The UN Organization Stabilization Mission in DR Congo (MONUSCO) released a report [text, PDF] confirming the use of rape as a weapon of war in the Democratic Republic of the Congo (DRC) [BBC backgrounder] last summer, but continued investigations were suspended on Wednesday due to reprisal attacks on rape victims [AP report]. The report, released last week, indicated that most of the attacks were committed by the Democratic Liberation Force of Rwanda (FDLR), but some were also perpetrated by the Mai Mai [GlobalSecurity backgrounders] and followers of army deserter Emmanuel Nsengiyumva, all Congolese rebel groups. The report describes the rapes as systematic and clearly used as a strategic tactic in the conflict:
In view of the consistent statements that were collected, the team can conclude that at least 387 civilians were raped, including 300 women, 23 men, 55 girls, and 9 boys during the attack on villages along the Kibua-Mpofi axis. It is highly likely that the number of victims is higher, as some victims did not come forward for the reasons given in paragraph 5 of this report. According to local sources, the attacks were a punitive strike intended to subjugate local communities living along the Kibua-Mpofi axis, considered as "traitors" for reportedly sympathizing with Government forces, and aimed at equipping the coalition of armed groups. The armed groups allegedly decided to scare them forever through extremely humiliating acts, hence the planning of mass rapes. According to the statement of a local victim from the Nianga ethnic group, "It is better to die than being raped by FDLR and their allies, because such rape is the worst humiliation against a human being."MONUSCO declared that the rapes could be war crimes as well as crimes against humanity and recommended further judicial action and more investigation. In February, a military court found Lt Col Kibibi Mutware guilty of involvement in mass rapes [JURIST report] that took place on New Year's Day and sentenced him to 20 years imprisonment, dismissing him from the military. This has been the only action taken on the issue.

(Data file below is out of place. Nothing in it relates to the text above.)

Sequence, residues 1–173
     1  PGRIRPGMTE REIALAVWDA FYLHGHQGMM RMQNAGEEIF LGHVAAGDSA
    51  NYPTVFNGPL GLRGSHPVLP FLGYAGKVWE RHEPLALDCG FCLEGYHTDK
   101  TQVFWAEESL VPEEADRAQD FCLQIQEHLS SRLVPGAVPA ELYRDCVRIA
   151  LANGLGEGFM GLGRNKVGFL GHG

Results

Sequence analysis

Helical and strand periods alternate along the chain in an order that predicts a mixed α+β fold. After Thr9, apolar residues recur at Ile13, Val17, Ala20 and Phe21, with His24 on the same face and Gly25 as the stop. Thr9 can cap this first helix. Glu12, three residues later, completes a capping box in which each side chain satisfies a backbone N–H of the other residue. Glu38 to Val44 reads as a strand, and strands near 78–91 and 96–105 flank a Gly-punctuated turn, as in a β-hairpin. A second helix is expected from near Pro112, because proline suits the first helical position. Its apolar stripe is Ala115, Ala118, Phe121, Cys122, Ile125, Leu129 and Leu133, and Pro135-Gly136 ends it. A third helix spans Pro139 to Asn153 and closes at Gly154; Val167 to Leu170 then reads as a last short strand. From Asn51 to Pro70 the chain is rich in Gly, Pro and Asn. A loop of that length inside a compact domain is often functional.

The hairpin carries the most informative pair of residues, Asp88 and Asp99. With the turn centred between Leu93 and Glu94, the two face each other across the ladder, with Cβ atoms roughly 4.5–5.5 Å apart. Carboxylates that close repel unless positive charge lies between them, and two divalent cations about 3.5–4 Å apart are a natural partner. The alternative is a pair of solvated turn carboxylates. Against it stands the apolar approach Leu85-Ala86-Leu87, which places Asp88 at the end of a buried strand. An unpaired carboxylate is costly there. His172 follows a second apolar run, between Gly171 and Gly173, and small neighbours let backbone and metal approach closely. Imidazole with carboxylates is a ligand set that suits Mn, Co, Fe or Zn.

DRC has been struggling with a number of human rights issues. Last month, a military court sentenced four policemen to death for killing prominent human rights activist Floribert Chebeya last year. In early October, Human Rights Watch called for the DRC government [JURIST report] to arrest general Bosco Ntaganda pursuant to an outstanding warrant for war crimes issued by the International Criminal Court (ICC) [official website]. Earlier that same week French authorities arrested a leader [JURIST report] of the FDLR for crimes committed by that group in the DRC. In October, UN peacekeeping forces and the DRC government arrested Mai Mai Cheka [JURIST report] for allegedly leading a rebel group responsible for mass rapes in the country.